Riding on a slow boat from China – Cliche’?
It’s been a bit more than a month since I wrote the last post for my trip (halfway around the Earth). Since I dropped my bike at the shipping and customs broker in Thailand, the bike has been prepared for shipment, and placed into a container, which was itself placed on a container ship.
Having read all of the updates from the various parties involved, it seemed as though the bike and container seemed to change ships at some point during its journey, and the bike slowly made its way to the port of NY and NJ.
After reaching the port, the container was unloaded, and eventually my motorcycle was determined to be of low or zero risk, and so it was allowed to continue through customs, into the hands of the “local shipping company”, a trucking company headquartered in Philadelphia.
The bike was transported by this company to a warehouse in Charleston, SC, where it arrived on Monday, December 30th. I was notified on the 30th, and I immediately called the warehouse to see if I could make arrangements to pick up the bike on Jan 2nd, the day that the warehouse would reopen to the public.
And so it was that I had seen my motorcycle travel from Bangkok, Thailand, to Charleston, SC, USA, and now, in the final phase of this odyssey, I would need to travel to Charleston, and retrieve my beloved beast of burden.
I arrived at RJ’s house at 7:30. Since we’d be taking RJ’s SUV to Charleston, SC, I would leave my new AMG with Ashlee, who would use it while we were en-route to Charleston to get the bike.
We left RJ’s house, and headed to the nearby town of Rock Hill, SC, where we would pick up the borrowed trailer.
We arrived in Rock Hill by 7:30 AM, and RJ carefully backed the SUV up to the tongue of the trailer, and we hooked up the trailer, to the SUV. At this point, you might think that we’ve done all that was necessary, and we’d simply drive out onto the street, and be on our way.
Unfortunately, there is an issue with the AWD coupling on the SUV, and as a result, only the front wheels were providing pulling power. As we tried to drive out of the lawn, back onto the driveway we found that the SUV could not pull us up the slight incline, over the muddy and wet lawn, onto the driveway.
So, we unhitched the trailer, pulled the car forward (while I pushed from behind) and then the two of us pulled the trailer onto the driveway, and once again, attached it to the SUV. And now, after a minor delay of about 4 minutes, we were on our way to the warehouse.
The drive to Charleston
The drive to Charleston was predominantly over Interstate highways, and I had estimated the drive to Charleston to take about 3 hours, to travel the 183 miles. We arrived at the warehouse within 5 minutes of our expected arrival time. So far, so good…
Arrival at the warehouse
So, we get to the warehouse, and since I’m not a truck driver, and am actually a motorcycle enthusiast, it’s a bit disorienting to be treated like a truck driver. Nothing negative about truck drivers, no, it’s not that at all. It’s just that the desk clerk starts to ask me questions about customs, transportation, forms, etc, and I had very little knowledge about any of this.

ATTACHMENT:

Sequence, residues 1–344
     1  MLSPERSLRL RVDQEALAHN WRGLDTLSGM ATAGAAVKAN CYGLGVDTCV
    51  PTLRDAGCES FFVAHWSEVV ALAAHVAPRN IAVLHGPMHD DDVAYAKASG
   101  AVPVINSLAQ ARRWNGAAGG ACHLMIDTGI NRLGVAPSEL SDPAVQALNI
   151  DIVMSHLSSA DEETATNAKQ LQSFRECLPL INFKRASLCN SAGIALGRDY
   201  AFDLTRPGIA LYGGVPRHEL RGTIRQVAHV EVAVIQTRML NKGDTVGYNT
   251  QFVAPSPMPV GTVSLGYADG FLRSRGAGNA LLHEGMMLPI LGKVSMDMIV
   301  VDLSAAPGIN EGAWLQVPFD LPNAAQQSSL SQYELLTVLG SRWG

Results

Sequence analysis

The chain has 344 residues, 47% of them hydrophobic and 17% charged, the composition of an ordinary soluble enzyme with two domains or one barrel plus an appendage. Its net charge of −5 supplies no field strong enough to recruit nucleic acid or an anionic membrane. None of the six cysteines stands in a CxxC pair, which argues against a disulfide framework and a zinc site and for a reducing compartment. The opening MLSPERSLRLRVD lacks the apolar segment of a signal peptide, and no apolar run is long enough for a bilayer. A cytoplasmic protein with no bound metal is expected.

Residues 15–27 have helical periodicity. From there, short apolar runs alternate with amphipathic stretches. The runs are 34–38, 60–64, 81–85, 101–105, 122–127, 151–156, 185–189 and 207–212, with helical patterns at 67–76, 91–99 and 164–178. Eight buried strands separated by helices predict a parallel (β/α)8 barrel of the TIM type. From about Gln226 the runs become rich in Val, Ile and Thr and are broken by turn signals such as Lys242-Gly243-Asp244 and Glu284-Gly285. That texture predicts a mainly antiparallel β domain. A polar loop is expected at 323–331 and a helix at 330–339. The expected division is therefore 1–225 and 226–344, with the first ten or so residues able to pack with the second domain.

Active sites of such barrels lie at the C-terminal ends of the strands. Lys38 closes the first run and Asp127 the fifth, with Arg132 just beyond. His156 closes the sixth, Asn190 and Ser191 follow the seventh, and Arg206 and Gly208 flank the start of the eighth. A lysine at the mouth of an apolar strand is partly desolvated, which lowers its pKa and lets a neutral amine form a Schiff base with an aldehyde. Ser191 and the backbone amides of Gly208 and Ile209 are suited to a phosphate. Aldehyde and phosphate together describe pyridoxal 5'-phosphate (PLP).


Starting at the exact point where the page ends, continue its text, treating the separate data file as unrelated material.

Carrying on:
Processing the paperwork
Nevertheless, after waiting about 10 minutes for the other drivers to get their loads processed, I was processed in less than 2 minutes, and was off and running. I was told to to back my “truck” into the ramp at the end of the warehouse, and the forklift drivers would meet me there.
We waited at the end of the warehouse, at the entry door, and when no one showed up to help, we walked inside, and started to look for my bike.
Now, this warehouse is a bonded warehouse, which is also part of the customs release process, so apparently, it’s really important that only properly credentialed individuals are allowed to enter the warehouse. This fact became apparent to us quickly, as the folks in the warehouse started to yell at us, telling us to stay outside.
Well, it was only another few minutes, and the forklift had my bike on it, and it was scooting across the warehouse towars us. The forklift delivered the bike to the loading dock, and we began to disassemble the crate, and prepare the bike for the final leg of the journey.
Disassemble the crate
We grabbed a knife, and a crowbar, and within about 8 minutes, we had taken the crate apart, and were loading it onto the trailer.
Breaking down the crate
Report from the road
Well, I guess there is no longer any doubt about whether the trip is over or not. After traveling 14,000 miles, spending 120 days on the road, and waiting another 10 weeks for my bike to arrive back in the US, the two of us are reunited, and the trip is over.
And so now, it’s time to consider what comes next. Currently, I’m planning a trip to Montana in June, to attend the BMW MOA rally. Toni will be joining me on this trip, which we expect to take about 2 weeks in total.
Thanks for all your support
Until next time…